CI/CD / Data / Kubernetes / Sponsored

Kubernetes: It’s Not Easy but What’s to Come?

3 Dec 2019 5:00pm, by and

Janakiram MSV, Analyst, at KubeCon San Diego 2019

KubeCon + CloudNativeCon sponsored this post, following the KubeCon + CloudNativeCon North America 2019, Nov. 18-21 in San Diego.

Janakiram MSV is one of the few analysts and writers who is also a certified member of the Kubernetes community. He is able to bring into his writing an analysis that details the issues that everyday users and developers face. He is also a regular contributor to The New Stack, on Kubernetes and other technologies.

In this edition of The New Stack Makers podcast recorded live at KubeCon + CloudNativeCon North America 2019, Janakiram discusses why developer happiness is such a challenge, the new role of the configurator and the issues that are coming as Kubernetes matures and isolation becomes a larger issue. He also discusses multitenancy and challenges to come as users adopt services and face security risks with less defined cluster isolation.


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The root of Kubernetes confusion can be traced back to a “lack of platform flavor,” Janakiram said. “Kubernetes is considered to be infrastructure and is still the foundational infrastructure for modern applications, but it lacks the context of an application,” he said. “And that is one of the biggest drawbacks for developers embracing Kubernetes.”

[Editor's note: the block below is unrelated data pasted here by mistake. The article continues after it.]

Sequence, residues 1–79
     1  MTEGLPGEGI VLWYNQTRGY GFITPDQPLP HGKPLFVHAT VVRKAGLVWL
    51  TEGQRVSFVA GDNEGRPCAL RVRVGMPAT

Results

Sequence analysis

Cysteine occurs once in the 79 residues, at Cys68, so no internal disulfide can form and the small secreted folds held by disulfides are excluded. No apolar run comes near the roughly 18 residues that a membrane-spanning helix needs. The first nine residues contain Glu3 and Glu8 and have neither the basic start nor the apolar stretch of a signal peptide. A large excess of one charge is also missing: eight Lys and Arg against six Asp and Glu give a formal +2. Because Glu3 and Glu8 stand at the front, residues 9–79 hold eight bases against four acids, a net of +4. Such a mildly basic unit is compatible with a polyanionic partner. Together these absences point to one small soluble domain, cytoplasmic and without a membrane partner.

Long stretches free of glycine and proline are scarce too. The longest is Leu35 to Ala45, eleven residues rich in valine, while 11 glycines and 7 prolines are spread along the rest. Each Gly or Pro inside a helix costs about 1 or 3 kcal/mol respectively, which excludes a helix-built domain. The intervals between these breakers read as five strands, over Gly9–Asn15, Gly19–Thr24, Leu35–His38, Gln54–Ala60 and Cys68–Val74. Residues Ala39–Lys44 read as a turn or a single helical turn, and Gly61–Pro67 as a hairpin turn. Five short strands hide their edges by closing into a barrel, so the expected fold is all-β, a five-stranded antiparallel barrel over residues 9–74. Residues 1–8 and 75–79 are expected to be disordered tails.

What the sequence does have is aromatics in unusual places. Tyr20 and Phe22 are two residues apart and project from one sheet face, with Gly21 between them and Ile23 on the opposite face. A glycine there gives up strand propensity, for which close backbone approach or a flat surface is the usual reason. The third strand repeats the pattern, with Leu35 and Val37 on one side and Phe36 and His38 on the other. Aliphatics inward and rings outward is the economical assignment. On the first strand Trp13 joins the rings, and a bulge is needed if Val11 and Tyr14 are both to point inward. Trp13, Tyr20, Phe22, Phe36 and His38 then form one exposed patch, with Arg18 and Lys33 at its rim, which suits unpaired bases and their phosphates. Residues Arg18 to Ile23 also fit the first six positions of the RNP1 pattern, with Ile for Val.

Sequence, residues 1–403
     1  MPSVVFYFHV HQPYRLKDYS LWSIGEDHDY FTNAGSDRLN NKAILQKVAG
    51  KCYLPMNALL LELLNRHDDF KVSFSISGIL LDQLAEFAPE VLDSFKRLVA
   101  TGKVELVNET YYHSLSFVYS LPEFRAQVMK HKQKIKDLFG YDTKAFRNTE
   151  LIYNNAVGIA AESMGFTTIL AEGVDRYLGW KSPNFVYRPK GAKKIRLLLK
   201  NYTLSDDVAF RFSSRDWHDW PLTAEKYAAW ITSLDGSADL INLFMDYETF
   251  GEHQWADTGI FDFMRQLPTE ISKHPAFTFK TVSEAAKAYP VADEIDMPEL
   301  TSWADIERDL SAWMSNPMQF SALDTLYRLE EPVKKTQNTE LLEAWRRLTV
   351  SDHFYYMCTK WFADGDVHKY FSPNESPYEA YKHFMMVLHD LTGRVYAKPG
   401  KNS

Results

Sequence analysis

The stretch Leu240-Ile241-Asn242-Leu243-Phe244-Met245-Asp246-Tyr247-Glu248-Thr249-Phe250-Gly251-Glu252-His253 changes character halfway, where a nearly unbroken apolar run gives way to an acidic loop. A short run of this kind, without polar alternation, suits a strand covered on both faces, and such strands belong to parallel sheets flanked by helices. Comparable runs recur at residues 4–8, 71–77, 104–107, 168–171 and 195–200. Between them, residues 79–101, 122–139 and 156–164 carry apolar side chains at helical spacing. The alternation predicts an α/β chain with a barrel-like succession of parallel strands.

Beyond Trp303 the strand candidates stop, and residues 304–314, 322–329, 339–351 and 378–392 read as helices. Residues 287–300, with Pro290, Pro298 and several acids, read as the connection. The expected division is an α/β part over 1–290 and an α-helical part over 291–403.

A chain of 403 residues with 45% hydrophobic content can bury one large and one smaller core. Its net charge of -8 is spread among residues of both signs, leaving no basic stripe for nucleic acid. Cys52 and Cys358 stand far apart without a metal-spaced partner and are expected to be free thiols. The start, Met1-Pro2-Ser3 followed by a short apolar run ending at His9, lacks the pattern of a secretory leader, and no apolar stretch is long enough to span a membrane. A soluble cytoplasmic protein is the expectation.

Another major problem area is how Kubernetes “blurs the line between developers and admins,” Janakiram said. Kubernetes has become one layer where developers and stakeholders can collaborate, which is part of the beauty of Kubernetes. However, “it is very hard for each of these personas to deal with this piece called Kubernetes,” he said.

Organizations are also waking up to the challenges of applying policies and managing security and compliance on Kubernetes and how DevOps teams are dealing with multitenancy. For the developer, there are “multiple milestones” to go through when working with Kubernetes, Janakiram said. A developer, for example, might work with the source code in a Docker image and then package the Docker image into a YAML file for deployment as the application translates into a series of objects inside Kubernetes.

“It is not just one application but it is a set of services that takes away from a very consistent developer experience,” Janakiram said. “It’s also overwhelming for developers because they have to understand the nitty-gritty of config map secrets, persistent volumes, network policies or whatnot, before actually publishing your URL for the end-user. That’s a real learning curve.”

And then you have DevOps, DevSecOps and network, storage and platform administrators that all use the same Kubernetes layer. “There is no clear demarcation on how they’re going to deal with this piece called Kubernetes and that’s where the major challenge exists,” Janakiram said.

Taking a step back, an “open application model,” can offer some guidance to help with the Kubernetes learning curve challenges, Janakiram said. “This is what I’m advocating and proposing.”

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